In the Simi Valley Acorn Today!

I couldn’t be more delighted about the Simi Valley Acorn article that was published in today’s paper about my efforts to shine a light on Simi Valley.  I truly hope it’s read as a humble effort.  I want very much to be successful with this project, but I certainly don’t believe I’m better than anyone else or more qualified than any of the other community super-stars who are currently making an impact.

Chandler, 34, said his goal in creating the website was to help educate people about the goings-on of local government and to get them excited about the process.

True, that was definitely the idea at first, and certainly what brought to life, but I want a whole lot more with The Simi Show.  I want to show people that we’ve got a terrific community, full of good people, great businesses, family fun and valuable community services.  The Shop Simi Valley First campaign WILL come up, but it will be less about budgeting and effectiveness and more about why shopping in Simi is just better than leaving the city!

Councilmember Steve Sojka, a proponent of the shop local campaign and chair of the Small Business Advisory Committee, said Chandler’s criticism of Shop Simi is misguided. Sojka said that some local pizza places have bigger advertising budgets than the campaign.

Though they may differ on issues, the council member said he thinks “The Simi Show” is a good idea—if done right.

“It’s good to get people engaged,” Sojka said. “I hope that whatever issue he deals with, he does his research. It’s easy to create a controversy, but you want to see someone who just reports facts in a fair and balanced way. That does the community a good service.”

I like Steve Sojka, but I don’t think he believes that.  He takes my criticism personally it seems and suggesting my criticism is misguided makes me wonder if he understands my point.

Shop Simi Valley First shouldn’t be about targeting the businesses.  Businesses should be participating in the program by contributing to its marketing, not sitting back and waiting for the city to spend money.  Why?  Because they benefit too.  The target is SHOPPERS and if local retail numbers aren’t increasing measurably after spending $100K, then shoppers either aren’t getting the message or it simply isn’t working and new strategy is needed.  Pizza places with $100K marketing budgets have them because they produce measurable, financial results.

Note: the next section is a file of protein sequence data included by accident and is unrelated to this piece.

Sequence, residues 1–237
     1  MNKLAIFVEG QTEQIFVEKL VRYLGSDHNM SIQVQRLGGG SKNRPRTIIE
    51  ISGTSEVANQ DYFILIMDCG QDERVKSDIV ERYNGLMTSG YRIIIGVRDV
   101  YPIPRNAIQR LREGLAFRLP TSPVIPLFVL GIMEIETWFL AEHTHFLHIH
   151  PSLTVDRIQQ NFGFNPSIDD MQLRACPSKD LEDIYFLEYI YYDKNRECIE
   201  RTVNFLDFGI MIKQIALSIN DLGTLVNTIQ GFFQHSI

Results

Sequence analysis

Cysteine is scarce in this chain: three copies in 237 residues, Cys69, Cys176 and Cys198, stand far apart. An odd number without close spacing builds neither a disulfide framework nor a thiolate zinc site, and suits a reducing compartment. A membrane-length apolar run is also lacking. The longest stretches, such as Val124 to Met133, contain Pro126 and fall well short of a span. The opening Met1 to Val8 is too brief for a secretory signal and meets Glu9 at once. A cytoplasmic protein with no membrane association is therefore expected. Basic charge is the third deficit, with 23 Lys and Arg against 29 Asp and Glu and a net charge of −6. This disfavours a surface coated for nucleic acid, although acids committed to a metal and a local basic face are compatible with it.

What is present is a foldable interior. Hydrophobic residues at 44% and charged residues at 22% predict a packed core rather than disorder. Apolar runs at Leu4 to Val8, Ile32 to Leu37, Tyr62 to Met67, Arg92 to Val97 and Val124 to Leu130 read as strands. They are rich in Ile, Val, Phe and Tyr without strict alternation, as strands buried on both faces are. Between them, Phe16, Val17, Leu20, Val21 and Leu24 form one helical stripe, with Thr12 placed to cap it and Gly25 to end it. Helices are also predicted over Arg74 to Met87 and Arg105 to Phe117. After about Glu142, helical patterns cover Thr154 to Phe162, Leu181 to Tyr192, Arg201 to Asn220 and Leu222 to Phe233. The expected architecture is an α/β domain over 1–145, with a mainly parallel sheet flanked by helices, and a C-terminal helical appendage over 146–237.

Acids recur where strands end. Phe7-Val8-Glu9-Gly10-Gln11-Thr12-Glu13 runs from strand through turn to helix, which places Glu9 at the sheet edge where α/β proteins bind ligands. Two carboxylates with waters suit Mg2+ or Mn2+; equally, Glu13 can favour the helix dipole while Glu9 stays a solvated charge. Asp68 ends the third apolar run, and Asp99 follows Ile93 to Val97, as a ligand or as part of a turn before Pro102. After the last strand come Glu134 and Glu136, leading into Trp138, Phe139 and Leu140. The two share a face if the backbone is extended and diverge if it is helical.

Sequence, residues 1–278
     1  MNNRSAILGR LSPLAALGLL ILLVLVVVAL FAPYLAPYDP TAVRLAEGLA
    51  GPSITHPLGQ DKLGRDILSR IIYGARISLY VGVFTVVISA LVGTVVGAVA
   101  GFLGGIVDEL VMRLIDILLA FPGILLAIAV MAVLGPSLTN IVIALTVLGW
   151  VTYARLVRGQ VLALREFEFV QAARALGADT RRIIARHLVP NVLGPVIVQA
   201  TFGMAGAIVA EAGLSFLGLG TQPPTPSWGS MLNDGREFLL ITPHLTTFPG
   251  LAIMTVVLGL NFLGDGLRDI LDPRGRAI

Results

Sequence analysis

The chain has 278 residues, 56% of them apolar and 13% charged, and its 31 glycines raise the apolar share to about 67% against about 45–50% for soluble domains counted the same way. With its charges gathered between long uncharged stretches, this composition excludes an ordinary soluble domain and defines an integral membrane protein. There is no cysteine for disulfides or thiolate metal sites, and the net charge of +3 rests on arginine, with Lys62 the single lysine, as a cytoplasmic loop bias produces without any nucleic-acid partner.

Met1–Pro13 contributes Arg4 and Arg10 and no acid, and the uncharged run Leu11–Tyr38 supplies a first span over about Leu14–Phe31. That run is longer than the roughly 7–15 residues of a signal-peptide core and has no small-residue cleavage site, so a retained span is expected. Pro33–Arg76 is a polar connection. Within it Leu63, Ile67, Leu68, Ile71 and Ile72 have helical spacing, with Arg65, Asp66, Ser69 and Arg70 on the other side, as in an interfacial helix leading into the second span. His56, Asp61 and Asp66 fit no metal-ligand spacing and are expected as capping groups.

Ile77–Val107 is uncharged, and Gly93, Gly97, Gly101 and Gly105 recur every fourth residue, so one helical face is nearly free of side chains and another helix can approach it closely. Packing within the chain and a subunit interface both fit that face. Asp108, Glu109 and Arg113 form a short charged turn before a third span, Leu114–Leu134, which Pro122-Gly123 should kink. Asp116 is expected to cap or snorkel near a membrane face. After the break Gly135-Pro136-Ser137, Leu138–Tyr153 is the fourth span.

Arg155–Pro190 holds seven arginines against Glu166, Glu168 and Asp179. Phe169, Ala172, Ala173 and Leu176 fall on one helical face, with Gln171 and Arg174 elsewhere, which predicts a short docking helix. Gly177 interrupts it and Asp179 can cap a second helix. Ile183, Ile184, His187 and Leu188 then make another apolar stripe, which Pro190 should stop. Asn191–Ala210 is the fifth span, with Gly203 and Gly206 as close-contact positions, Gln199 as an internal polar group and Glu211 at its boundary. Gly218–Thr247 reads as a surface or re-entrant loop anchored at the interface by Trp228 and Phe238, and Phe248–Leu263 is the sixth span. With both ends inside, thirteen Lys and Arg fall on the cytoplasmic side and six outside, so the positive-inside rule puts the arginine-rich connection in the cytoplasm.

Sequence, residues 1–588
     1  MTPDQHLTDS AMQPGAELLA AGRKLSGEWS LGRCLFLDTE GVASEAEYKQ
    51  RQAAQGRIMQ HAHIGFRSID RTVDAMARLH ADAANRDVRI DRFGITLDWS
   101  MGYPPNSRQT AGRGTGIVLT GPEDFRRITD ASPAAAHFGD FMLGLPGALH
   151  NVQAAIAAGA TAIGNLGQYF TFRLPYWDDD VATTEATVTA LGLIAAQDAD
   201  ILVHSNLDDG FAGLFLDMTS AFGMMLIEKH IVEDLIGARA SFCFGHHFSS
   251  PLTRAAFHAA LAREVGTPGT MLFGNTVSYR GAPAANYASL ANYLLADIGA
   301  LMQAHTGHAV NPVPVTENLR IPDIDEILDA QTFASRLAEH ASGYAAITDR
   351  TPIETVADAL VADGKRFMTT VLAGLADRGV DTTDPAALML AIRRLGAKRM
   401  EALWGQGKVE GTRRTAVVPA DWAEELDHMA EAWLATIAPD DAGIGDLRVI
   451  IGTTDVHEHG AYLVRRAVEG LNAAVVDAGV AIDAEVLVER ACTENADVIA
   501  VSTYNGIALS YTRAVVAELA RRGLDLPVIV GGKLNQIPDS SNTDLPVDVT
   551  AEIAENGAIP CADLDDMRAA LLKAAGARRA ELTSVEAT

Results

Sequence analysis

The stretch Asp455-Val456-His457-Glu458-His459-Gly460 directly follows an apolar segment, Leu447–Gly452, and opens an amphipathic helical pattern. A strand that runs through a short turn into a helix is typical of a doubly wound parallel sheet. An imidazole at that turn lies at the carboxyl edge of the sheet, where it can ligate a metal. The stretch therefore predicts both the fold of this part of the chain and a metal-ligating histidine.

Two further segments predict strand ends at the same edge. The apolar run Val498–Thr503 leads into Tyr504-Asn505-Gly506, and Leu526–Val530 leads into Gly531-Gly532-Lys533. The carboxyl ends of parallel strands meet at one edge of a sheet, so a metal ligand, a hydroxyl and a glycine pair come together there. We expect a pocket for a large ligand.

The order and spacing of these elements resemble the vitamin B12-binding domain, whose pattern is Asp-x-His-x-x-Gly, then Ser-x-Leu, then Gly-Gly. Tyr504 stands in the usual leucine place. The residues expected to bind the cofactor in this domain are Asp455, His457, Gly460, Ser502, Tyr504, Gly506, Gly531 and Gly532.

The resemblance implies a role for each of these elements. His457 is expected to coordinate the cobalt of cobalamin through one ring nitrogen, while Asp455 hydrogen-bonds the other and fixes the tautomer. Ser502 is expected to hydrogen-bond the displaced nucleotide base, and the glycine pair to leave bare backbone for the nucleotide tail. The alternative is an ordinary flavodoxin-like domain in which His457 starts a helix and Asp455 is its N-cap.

I want to find really cool businesses, shops and business owners and showcase them individually, one by one.  It’ll take some time and it’s a slow process, but it’ll show my audience some of our community’s great features, as well as bring in some curious new customers to some retail shops.  Plus, it won’t cost me too much.

Chandler said he hopes to expand “The Simi Show” by inviting outside contributors to add their own content, including interviews, hard news stories and perhaps guest commentaries. He also wants to profile local businesses and cover the landfill expansion issue.

I really want to do as much as I possibly can.  Employment is a big concern for me now considering our economy and I’m feverishly working on a portal to present Simi Valley job seekers with powerful tools to find work.  I’m also a big believer in the power of the Internet and want to provide an online community for everyone in Simi Valley to do the exact same thing that I’m doing.  The technology is there… I just want to open the door and let my fellow Simi Valley citizens join the party.

If that’s misguided, so be it!

Read the full article in the Simi Valley Acorn here.

UPDATE: Brian Dennert mentions the article here.  Thanks Brian!

Simi Valley and Local Businesses

Ted Mackel published one of the most interesting articles I’ve read related to the City of Simi Valley and how they work with local businesses.  As a local business owner, I definitely found his take interesting.  His first point grabbed me immediately…

The Future of Simi Valley Retail is under attack and round one will prove to be tough reality for Simi Valley as the Thousand Oaks Mall will again take shoppers away from local businesses.

It’s an excellent point.  Rumor has it, the Oaks Mall began its redesign phase in direct response to the potential threat to its business resulting in new area malls, namely Simi Valley Town Center.